By using a pulsing laser diode in the detector a series of readings are given back from each laser detector, The software allows the analysis of a series of pulses rather than a single reading to reject signals given by transient dust or lint. entering the chamber. The software also allows the readings from one detector to be compared to others to further allow false alarm rejection.
Nine different sensitivity levels are provided for alarm, a further nine levels are provided for pre-alarm. The levels can be set manually, or can change automatically between day and night.
One of the unique features of the VIEW system is its ability for each detector to involve adjacent detectors in its analogue alarm decision. This should not be confused with 'double knock' or 'coincidence' detection where an AND function is applied to the 100% alarm condition of 2 or more detectors before making decisions. Co-operating multidetector sensing goes beyond that and has two main benefits.
Firstly, it may be used to reject certain false alarm phenomena. If a detector sees a sudden large increase in analogue value it can look at adjacent detectors to monitor their values. If they do not see the sudden change then it helps to confirm a fault rather than a fire condition.Secondly a faster response to a real fire is possible using co-operating multidetector sensing. As part of the AWACS algorithm, signals from adjacent detectors are statistically combined to reach a common signal. Therefore VIEW can indicate an alarm condition before the signal from any one detector is itself above the alarm threshold.
One of the major advantages with VIEW over other early warning smoke systems is that the laser detectors are connected to the same loop as other analogue devices wired from the intelligent panel, Notifier panels have the ability to control 99 detectors and 99 modules (callpoints I/O's etc.) per loop with up to a 2km loop length. Therefore, there is no need to install 2 completely different systems and link them together. The VIEW system is completely integrated within the analogue fire detection and alarm system.
The VIEW system is designed for early warning applications in relatively clean environments. Although it certainly will give adequate warning of a fire to building occupants, its primary role is to give advanced warning of smouldering fires in areas of high value property, so that a fire can be extinguished before serious damage or lengthy interruption of service occurs.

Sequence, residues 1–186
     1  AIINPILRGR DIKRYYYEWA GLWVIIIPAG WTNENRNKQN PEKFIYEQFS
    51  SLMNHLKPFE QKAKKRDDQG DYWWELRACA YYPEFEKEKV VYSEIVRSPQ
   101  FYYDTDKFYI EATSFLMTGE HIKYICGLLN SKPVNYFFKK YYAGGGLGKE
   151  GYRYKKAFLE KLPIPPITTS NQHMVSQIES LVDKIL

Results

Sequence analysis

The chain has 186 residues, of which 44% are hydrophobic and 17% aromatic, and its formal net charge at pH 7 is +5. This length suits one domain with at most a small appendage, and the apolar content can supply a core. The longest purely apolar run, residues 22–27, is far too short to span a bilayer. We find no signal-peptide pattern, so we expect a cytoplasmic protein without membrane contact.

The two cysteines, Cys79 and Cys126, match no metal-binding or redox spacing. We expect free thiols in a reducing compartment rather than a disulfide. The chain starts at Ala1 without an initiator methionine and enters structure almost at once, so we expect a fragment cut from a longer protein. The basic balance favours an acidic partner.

Today the most effective way of covering these applications is generally considered to be by use of an aspiration system. An aspiration system comprises a photo detector, aspiration pump and a pipe network.
Pipework is run around the protected area with sample holes drilled at strategic locations. The pipework is linked to the control unit, which draws samples of air in via the aspiration pump, the air sample is then passed through a filter and into the detector. The detector typically has a pre-alarm and an alarm level which give signals to a fire detection panel to raise the alarm.
In tests carried out, the VIEW system has given better or comparable responses to fires, compared to aspiration systems.
The VIEW system also has additional features. An aspiration system can tell you that there is a fire within the covered area and depending on the system, possibly which sample pipe has sampled the smoke. The VIEW system is addressable and so it is possible to see which specific detector(s) have gone into alarm, this helps find the true source of the fire much more quickly. This is particularly important as sometimes there is no/little visible smoke to identify the source of fire.
Aspiration systems monitor airflow through the pipework and if a section of pipe is removed or there is a blockage within the pipe or filter this will result in a fault.
VIEW supervises every component on the system, with wiring and detectors tested every few seconds. Early warning of potential problems can also be identified to allow preventive maintenance. This, coupled with the fact that it is an all electronic system with no moving parts or filters means that maintenance costs are significantly lower.